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Three Millennia of Greek Literature

Vasilief, A History of the Byzantine Empire

The Empire of Nicaea (1204-1261)

Foreign policy of the Lascarids and the restoration of the Byzantine empire 


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In 1216 the talented and energetic Henry died in the prime of life. He was admired and beloved even by the Greeks, and a Byzantine chronicler of the fourteenth century said that Henry was a real Ares. The historians of the twentieth century also estimate highly his personality and activities. Gerland declared: Of the (Latin) Empire Henry became the real founder. His institutions laid the basis upon which the Frankish dominion in Greece developed. Henry's death, wrote A. Gardner, was certainly a calamity for the Latins possibly for the Greeks likewise since his strong but conciliatory policy might have succeeded, if any policy ever could, in filling up the breach between East and West. In the person of Henry the most dangerous enemy of Nicaea passed away. His successors on the Constantinopolitan throne were distinguished neither for talent nor energy.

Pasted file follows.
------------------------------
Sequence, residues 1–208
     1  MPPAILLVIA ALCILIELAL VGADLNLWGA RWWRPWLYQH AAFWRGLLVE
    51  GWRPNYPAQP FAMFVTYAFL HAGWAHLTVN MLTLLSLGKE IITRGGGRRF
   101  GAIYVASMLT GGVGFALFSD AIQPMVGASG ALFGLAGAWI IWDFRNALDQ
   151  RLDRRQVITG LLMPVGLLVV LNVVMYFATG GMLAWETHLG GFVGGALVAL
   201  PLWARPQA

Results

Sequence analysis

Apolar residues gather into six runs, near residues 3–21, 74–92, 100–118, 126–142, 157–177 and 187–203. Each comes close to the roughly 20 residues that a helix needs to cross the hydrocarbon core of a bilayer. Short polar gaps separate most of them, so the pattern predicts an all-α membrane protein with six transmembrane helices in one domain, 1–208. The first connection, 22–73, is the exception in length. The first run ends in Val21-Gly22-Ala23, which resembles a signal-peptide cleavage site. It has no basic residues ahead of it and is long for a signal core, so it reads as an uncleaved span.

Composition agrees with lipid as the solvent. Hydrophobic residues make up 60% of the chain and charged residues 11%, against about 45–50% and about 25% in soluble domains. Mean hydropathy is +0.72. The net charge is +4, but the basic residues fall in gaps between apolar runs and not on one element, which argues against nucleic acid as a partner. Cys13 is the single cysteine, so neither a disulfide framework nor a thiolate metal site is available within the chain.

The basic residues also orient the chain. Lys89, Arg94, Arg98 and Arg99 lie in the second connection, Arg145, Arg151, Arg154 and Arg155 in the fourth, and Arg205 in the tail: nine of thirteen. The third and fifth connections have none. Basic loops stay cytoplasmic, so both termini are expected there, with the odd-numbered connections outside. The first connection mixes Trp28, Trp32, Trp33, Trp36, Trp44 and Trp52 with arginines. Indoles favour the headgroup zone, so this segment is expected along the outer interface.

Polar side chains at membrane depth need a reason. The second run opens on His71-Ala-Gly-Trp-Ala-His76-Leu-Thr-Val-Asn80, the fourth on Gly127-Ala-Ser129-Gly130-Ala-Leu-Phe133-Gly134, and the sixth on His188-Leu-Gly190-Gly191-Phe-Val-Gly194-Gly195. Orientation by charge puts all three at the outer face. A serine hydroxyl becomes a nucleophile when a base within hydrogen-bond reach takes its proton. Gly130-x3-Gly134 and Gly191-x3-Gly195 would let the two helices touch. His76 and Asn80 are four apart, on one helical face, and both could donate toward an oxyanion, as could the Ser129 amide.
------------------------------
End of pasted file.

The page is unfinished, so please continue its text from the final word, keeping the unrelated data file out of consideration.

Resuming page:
In 1222 the founder of the Empire of Nicaea died. Theodore I Lascaris had created a Hellenic center in Asia Minor, unified the state, and attracted to it the attention of the European Greeks. He had laid the foundation upon which his successor was able to build a vast structure. In his eulogistic letters to Theodore Lascaris, Michael Acominatus wrote: The capital hurled by the barbarian inundation out of the walls of Byzantium to the shores of Asia in the shape of a miserable fragment has been received by thee, guided, and saved. Thou ought to be called forever the new builder and peopler of the city of Constantine. Looking only to thee and calling thee a savior and universal liberator the people wrecked in the universal deluge take refuge in thy state as in a calm harbour. No one of the emperors who reigned over Constantinople I consider equal to thee, except, of those nearer in time, the great Basil Bulgaroctonus, and of the more ancient, the noble Heraclius.

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